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Lego Is Not Just For Kids Anymore

by Vikas Hazrati on Sep 12, 2008 |

The importance of information radiators and informative workspace is unquestioned in Agile. Scrum and XP have enough visual indicators like whiteboards, flip charts, burndown charts, build status lamps etc. so that the information is highlighted as soon as it is gathered for easy consumption.

Michael Hunger and Takeshi Kakeda take this idea a bit further by using Lego blocks to track time spent on various projects and bug tracking. According to them it is both effective and fun.

Michael Hunger discovered the Lego way of time tracking when he was trying to find a solution for visually depicting and planning the time spent on various projects in a week. Michael represented each column on the base as a ruler on which he could stack the hours. He represented each hour as an aggregation of 4 studs of Lego, each stud representing quarter of an hour. So if the first hour was spent on 2 projects then it would have 2 studs of 2 colors on the first row. Each project is represented with a different color.

Lego Time Tracking

On similar lines Takeshi Kakeda presented about the use of Lego blocks in doing effective bug tracking at Agile 2008.The bugs were represented as Lego blocks on the board with priority being represented horizontally, dependency between bugs represented by stacking them vertically and the difficulty represented by the shape. Some of the benefits that Takeshi observed were that bugs were intuitively visible and mindset of the developers changed from negative to positive. Also, given the physical constraint of the board on which bugs could be placed new bugs could not be added unless the earlier ones were resolved, thus making it necessary to resolve existing bugs faster.

Lego Bug Tracking

Thus use of Lego blocks has gone further from just being present in a kids play basket to being used as effective information radiator in the Agile environment.

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Time Tracking by T Sheets

Gotta hand it to Michael and Takeshi - they've taken the mundane task of Time Tracking and made it fun again. I like Michael's one drawback: co-workers coming along, assuming the legos are to play with, and then destroy your weeks work in one fell swoop.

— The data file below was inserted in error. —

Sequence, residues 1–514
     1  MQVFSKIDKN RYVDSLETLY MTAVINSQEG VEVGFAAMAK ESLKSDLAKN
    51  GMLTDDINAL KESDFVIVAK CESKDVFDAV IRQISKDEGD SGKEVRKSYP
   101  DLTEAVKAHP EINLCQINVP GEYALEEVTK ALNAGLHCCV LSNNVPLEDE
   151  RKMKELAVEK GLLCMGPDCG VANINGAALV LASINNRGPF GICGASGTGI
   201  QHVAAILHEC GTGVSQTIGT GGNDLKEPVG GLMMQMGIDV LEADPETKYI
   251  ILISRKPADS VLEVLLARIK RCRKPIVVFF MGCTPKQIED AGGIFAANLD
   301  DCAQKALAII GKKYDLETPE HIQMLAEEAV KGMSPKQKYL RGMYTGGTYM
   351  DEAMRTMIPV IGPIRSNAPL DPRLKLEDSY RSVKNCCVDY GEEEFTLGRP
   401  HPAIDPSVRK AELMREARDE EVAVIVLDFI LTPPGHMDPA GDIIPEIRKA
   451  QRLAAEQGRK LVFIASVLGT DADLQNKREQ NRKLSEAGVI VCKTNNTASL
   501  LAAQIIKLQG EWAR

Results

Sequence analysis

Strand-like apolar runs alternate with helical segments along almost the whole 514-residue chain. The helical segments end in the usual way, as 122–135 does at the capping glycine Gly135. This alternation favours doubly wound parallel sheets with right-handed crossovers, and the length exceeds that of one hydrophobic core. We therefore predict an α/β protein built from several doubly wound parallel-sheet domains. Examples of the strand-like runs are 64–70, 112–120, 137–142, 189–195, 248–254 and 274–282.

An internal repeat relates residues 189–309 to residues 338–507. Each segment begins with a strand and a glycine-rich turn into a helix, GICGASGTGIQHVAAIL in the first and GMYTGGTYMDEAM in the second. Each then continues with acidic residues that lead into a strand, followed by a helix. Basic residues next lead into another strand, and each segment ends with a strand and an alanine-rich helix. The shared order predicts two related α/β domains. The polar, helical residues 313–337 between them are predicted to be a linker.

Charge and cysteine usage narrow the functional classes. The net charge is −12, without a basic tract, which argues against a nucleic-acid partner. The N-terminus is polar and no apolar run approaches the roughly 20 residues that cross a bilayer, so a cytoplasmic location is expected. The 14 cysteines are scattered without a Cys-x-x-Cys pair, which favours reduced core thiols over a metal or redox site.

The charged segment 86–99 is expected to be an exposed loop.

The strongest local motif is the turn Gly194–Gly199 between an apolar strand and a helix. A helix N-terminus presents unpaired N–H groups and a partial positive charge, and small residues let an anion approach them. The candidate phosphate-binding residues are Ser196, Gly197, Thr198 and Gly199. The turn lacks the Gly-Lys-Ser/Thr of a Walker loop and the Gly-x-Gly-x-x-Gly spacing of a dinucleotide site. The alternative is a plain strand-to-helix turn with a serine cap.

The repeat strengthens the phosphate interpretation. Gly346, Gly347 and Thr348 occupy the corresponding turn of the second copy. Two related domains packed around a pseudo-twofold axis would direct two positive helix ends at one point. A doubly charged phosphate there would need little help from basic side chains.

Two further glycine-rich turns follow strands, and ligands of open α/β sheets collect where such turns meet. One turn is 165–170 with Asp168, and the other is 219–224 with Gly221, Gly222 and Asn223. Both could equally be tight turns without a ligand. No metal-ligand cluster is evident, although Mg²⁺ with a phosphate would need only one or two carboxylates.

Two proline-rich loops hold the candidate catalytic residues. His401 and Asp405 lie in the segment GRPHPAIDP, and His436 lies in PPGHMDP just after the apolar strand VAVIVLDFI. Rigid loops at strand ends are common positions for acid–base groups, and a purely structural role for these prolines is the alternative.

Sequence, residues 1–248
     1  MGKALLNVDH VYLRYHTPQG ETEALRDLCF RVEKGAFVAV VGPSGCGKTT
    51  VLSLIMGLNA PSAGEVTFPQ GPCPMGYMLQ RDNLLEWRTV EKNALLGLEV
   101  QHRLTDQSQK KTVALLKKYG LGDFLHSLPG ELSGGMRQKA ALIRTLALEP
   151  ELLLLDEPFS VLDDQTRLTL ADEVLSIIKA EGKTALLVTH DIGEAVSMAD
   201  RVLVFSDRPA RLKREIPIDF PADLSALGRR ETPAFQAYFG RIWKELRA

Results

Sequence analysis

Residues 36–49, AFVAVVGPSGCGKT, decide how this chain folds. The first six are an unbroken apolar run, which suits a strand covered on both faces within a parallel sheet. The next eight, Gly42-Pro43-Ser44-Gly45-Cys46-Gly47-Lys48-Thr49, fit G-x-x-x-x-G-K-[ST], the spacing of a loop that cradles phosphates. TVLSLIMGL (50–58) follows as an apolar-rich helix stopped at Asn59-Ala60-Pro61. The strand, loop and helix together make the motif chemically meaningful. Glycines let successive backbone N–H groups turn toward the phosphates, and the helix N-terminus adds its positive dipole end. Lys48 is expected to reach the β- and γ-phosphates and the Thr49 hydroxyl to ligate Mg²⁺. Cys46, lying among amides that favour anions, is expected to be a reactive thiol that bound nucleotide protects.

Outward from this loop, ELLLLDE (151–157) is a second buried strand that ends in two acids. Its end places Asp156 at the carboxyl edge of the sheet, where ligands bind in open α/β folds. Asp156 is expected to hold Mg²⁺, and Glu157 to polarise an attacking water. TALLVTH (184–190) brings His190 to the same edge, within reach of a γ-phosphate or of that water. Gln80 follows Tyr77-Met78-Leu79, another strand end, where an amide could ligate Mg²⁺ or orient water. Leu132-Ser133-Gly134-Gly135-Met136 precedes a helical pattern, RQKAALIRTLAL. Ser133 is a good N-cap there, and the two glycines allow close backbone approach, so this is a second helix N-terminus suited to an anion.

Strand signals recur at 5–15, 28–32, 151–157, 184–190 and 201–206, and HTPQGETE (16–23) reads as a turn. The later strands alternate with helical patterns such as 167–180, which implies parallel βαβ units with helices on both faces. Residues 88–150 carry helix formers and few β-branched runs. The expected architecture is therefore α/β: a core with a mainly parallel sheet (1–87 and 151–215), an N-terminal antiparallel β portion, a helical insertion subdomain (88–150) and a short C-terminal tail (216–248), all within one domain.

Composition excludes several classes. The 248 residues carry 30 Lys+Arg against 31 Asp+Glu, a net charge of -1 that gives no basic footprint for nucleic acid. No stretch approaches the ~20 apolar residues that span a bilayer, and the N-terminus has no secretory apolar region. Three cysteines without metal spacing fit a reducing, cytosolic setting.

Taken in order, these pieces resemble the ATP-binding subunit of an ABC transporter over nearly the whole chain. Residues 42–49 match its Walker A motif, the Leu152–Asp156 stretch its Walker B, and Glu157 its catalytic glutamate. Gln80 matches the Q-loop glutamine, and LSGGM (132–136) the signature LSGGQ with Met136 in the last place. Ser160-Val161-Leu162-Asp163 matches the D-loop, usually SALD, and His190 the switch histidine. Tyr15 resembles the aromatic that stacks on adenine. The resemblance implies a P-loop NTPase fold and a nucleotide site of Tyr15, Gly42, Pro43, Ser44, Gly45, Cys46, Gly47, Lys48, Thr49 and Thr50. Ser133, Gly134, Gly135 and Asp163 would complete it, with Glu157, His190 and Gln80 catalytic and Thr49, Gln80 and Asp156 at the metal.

Legos not for kids, and a question by Jim Leonardo

Legos haven't been for kids since they came out with the first Mindstorm kit... You could apply this to any real world set of objects though. I wouldn't use M&Ms though.


A side note... is it common for others to track tasks down to 1/4 hr?

Re: Legos not for kids, and a question by Vikas Hazrati


A side note... is it common for others to track tasks down to 1/4 hr?


May be some consultants need to do it on the basis of multiple projects that they are working on. For me a one hour slot is kind of manageable

Re: Legos not for kids, and a question by Michael Hunger

Thanks for mentioning this on infoq.


We even continued our journey into LegoLand.


The next things I plan are integrating a webcam into the time tracking board for automatic recording of the brick columns (similar things (but oriented in the wrong direction have been build by databrick.de.


The next great thing (tm) is printing onto lego bricks. I was looking for ways to increase the available colors for the time tracking (especially when extended to task tracking on agile projects). So my neighbor Mattcher and me came to the conclusion that just printing onto lego walls is the solution. See this blog entry for first impressions.


I'm continuing my efforts on finding a proper name for this time tracking. A lot of names have been proposed by
Lifehacker readers and commenters to my blog. Istarted a poll on that on my blog


Perhaps I should present that at JAOO in two weeks :)


Regarding the quarter hour question. My current client requires all his contributors to track the time at that level. So thats not necessarily my choice (besides if you have a half hour task which crosses the hour boundary you still need to break it up for display in the two rows).


Michael

Re: Legos not for kids, and a question by Michael Hunger

Perhaps the comments on lifehacker on lego time tracking are also of interest.


Michael

Lego is been used for business already a long time by Yves Hanoulle

Four years ago I have created a workshop about leadership with Lego. (You can download it here
www.paircoaching.net/games_en.php )

While playing this game at several Xp events around the world (we also played it at Agile 2008)
I learned that Lego Group has a business consultancy company that is called Lego Serious play.


en.wikipedia.org/wiki/Lego_Serious_Play

Re: Legos not for kids, and a question by Deborah Hartmann

Teams new to agile planning sometimes break work into very small tasks in order to understand what needs to be done. Once they understand it, usually relatively soon, they tend to roll several small tasks up into larger ones, or even estimate at the story level.

A mature team could probably eliminate some waste by estimating at a larger granularity. If they say they cannot, I'd see a red flag and look for too much multitasking.

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